myuser, authentication fails and the server rejects
If the password is correct and
ldap_auth finds that
myuser is a developer, it returns the user name
developer to the MySQL server, rather than
server verifies that
''@'' can authenticate as
developer (because it has the
PROXY privilege to do so) and accepts the connection. The session proceeds
myuser having the privileges of
privileges should be set up by the DBA using
GRANT statements, not shown.) The
functions return these values:
SELECT USER(), CURRENT_USER();+------------------+---------------------+| USER() | CURRENT_USER() |+------------------+---------------------+| myuser@localhost | developer@localhost |+------------------+---------------------+
If the plugin instead finds in the LDAP directory that
myuser is a manager, it
manager as the user name and the session proceeds with
myuser having the privileges of
SELECT USER(), CURRENT_USER();+------------------+-------------------+| USER() | CURRENT_USER() |+------------------+-------------------+| myuser@localhost | manager@localhost |+------------------+-------------------+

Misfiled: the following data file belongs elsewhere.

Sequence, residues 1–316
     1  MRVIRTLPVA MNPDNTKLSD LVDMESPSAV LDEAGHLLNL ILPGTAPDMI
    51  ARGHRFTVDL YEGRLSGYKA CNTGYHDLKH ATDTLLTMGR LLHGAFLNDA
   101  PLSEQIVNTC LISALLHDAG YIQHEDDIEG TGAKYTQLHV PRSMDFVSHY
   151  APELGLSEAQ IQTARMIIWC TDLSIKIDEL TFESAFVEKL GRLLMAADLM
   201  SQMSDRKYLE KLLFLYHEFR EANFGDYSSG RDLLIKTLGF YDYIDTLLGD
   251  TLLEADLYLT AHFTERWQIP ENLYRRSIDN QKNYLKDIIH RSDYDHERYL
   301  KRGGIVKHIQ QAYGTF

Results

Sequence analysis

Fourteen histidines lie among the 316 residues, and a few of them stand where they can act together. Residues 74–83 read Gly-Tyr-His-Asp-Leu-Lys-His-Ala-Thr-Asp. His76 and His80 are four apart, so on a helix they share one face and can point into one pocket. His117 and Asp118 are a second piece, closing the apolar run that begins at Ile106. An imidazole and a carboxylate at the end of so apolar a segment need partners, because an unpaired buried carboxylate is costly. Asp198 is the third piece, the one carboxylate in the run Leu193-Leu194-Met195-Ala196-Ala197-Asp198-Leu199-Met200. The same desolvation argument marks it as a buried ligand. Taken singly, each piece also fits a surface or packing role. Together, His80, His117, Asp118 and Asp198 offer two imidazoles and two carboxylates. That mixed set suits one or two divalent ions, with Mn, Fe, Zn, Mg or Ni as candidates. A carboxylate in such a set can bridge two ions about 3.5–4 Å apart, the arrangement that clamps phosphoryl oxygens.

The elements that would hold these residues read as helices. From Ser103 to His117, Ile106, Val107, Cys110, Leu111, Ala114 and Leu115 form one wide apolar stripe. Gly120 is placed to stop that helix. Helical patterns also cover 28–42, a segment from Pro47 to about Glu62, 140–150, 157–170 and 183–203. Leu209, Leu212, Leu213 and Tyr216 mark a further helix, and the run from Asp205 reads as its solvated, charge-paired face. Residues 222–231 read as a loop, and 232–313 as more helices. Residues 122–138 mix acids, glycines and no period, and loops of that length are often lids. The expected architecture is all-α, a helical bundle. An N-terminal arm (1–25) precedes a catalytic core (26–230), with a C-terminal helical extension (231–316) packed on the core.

For simplicity, external authentication cannot be multilevel: Neither the credentials for
nor those for
manager are taken into account in the preceding example. However,
they are still used if a client tries to authenticate directly against the
manager account, which is why those
accounts should be assigned passwords.
The default proxy account uses
'' in the host part, which matches any host. If you
set up a default proxy user, take care to also check for accounts with
'%' in the
host part, because that also matches any host, but has precedence over
'' by the
rules that the server uses to sort account rows internally (see Section
6.2.4, "Access Control, Stage 1: Connection Verification").